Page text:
Texas’ recent issues with its voting maps started in 2011. The 2010 census had shown enormous population growth in Texas which required the state to update its voting districts. Texas also had received 4 additional Congressional seats, so it needed to fit 4 more districts into its Congressional map. In 2011, Texas legislators drew up new voting district maps which sourced the first of several litigations, including this one in the Supreme Court today (Abbott v. Perez).
After Texas approved the 2011 maps, several civil rights groups (primarily African-American and Latino groups) challenged them as racially discriminatory. They argued Texas engaged in racial gerrymandering: drawing the maps with the intent to dilute the votes of people in certain race classes (i.e. not allow African-American and Latino voters equal participation in the voting process). The practice is illegal under federal law.
Both the Voting Rights Act and the Constitution prohibit states from discriminating based on race when they set voting standards, practices or procedures. The civil rights litigants pointed out that the new plans showed a dilution in voting strength for Latinos and African-Americans, when in fact the maps should have evidenced the opposite because Latino and African-American populations accounted for around 3/4 of Texas’ recent population growth (Perry v. Perez, Supreme Court, 2012).
In 2011, when the racial gerrymandering challenge was filed, the Voting Rights Act contained a provision which required Texas (and certain other historically racist states) to get federal “preclearance” (approval) before making any voting procedure changes, such as changing the voting maps. So Texas had – at the same time – set off to get its approval in federal court in D.C., which was the court authorized to give pre-clearance.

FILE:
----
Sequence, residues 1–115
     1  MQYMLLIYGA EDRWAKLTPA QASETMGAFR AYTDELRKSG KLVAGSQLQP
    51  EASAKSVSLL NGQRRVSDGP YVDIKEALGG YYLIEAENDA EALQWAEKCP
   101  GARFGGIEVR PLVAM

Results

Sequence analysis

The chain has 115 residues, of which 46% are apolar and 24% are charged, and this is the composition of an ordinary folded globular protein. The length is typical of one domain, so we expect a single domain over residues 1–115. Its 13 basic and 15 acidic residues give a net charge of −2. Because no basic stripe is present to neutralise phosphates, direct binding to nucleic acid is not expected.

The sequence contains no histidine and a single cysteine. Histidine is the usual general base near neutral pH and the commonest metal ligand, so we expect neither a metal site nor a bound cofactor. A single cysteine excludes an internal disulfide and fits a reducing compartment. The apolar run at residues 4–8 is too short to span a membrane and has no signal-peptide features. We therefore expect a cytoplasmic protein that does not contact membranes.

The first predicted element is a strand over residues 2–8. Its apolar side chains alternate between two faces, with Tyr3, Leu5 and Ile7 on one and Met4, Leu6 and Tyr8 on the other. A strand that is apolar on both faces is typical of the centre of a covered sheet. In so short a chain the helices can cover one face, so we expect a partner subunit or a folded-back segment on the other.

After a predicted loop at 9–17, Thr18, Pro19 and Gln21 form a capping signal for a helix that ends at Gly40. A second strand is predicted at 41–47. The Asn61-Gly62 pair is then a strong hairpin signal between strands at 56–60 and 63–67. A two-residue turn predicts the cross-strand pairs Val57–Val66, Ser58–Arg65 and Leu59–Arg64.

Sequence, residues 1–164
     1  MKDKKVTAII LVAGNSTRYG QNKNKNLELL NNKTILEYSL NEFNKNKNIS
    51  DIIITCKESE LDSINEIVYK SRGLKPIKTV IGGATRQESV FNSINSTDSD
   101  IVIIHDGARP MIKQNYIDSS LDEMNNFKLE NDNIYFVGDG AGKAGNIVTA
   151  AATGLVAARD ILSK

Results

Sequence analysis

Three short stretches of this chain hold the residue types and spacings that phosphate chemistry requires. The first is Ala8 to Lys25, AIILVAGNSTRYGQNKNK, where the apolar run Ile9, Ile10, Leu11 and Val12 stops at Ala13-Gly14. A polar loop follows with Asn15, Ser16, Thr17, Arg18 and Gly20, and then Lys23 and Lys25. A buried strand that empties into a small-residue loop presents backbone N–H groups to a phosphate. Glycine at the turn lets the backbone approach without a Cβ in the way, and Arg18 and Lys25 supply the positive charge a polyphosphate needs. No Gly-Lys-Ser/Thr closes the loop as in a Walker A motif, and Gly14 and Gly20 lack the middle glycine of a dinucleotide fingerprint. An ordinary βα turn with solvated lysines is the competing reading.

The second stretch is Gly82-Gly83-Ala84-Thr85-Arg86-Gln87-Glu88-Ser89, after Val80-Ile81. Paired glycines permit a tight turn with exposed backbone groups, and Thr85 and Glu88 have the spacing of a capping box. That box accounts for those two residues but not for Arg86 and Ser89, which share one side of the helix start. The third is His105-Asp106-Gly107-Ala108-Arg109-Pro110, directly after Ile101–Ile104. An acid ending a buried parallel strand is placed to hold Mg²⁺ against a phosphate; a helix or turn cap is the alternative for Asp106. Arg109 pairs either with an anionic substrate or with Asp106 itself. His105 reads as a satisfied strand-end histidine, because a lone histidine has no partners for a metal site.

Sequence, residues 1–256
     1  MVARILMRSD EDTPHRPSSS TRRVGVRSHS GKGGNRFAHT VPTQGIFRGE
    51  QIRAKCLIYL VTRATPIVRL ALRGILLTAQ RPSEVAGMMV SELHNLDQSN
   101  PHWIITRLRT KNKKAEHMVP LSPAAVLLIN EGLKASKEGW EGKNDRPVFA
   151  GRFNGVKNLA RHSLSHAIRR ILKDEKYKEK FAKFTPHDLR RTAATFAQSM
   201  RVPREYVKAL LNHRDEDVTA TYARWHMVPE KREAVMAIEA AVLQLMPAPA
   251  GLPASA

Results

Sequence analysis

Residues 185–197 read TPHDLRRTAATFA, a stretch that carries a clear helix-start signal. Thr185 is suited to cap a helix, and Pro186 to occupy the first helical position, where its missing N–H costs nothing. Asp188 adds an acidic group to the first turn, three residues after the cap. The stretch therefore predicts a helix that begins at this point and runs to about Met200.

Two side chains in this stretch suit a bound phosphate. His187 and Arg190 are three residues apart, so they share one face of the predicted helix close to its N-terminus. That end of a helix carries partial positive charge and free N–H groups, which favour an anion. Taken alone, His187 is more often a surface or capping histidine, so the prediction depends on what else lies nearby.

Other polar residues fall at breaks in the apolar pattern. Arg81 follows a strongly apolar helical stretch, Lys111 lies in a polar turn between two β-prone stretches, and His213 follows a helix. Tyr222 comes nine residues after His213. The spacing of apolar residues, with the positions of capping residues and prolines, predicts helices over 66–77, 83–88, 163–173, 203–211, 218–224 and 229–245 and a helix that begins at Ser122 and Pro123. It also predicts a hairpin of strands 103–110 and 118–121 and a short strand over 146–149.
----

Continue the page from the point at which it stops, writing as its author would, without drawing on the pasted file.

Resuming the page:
While Texas sought federal preclearance, the racial gerrymandering case, which had been filed in federal court in Texas, was placed on hold. The court in Texas would have to defer to the ruling of the court in D.C., so it was waiting for the outcome.
The interim plans
While the case in Texas was on hold, the state was left without a valid voting map. By February 2012, the court in D.C. still had not made a ruling, and the 2012 elections in Texas – at least the primaries – were coming up quickly. The court in Texas was given the task of approving temporary – interim – maps that would cover for the upcoming elections. The court would not be able to make these up entirely on its own. It had to defer to the judgments of Texas’ legislators (i.e. basing its maps on a Texas-legislature-created map), but it also had to “take care not to incorporate into the interim plan any legal defects in the state plan,” (Perry v. Perez, Supreme Court, 2012).
In reviewing Texas’ 2011 maps, the court conducted an expedited analysis on whether the maps were discriminatory. It did not have the time, nor the authority, to dig as deeply into the facts as it would do for a full analysis. It made “only preliminary conclusions that might be revised upon full analysis.” It used the preliminary conclusions to make the interim maps – imposing revisions on certain areas of the maps and specifically stating that certain other areas were okay. In the end, it reconfigured 9 of the 36 districts in the Congressional map and reconfigured 28 of the 150 districts in the State House map.
The court ruled certain districts OK.
When the court approved interim maps, despite that it was a preliminary ruling and not final, it still made some specific conclusions about the 2011 Texas map. It said that certain districts were not drawn discriminatorily. And the court’s opinion spent a considerable amount of text to explain that. For example, Congressional District 27, around the city of Corpus Christie, was declared acceptable, and so was Congressional District 35, between Austin and San Antonio. “The court spent six pages explaining why CD27 did not [discriminate],” and “seven explaining why CD35 was not a racial gerrymander,” (Texas’ brief).
This will become relevant to Texas’ argument in the case before the Supreme Court now. And the part above – the difference between a preliminary review and a regular full analysis review – would become important to the opposition.
What happened in the D.C. preapproval case?
The whole reason interim maps were necessary was because the case in D.C. was expected to answer the same questions that were in the case in Texas. So what did it rule?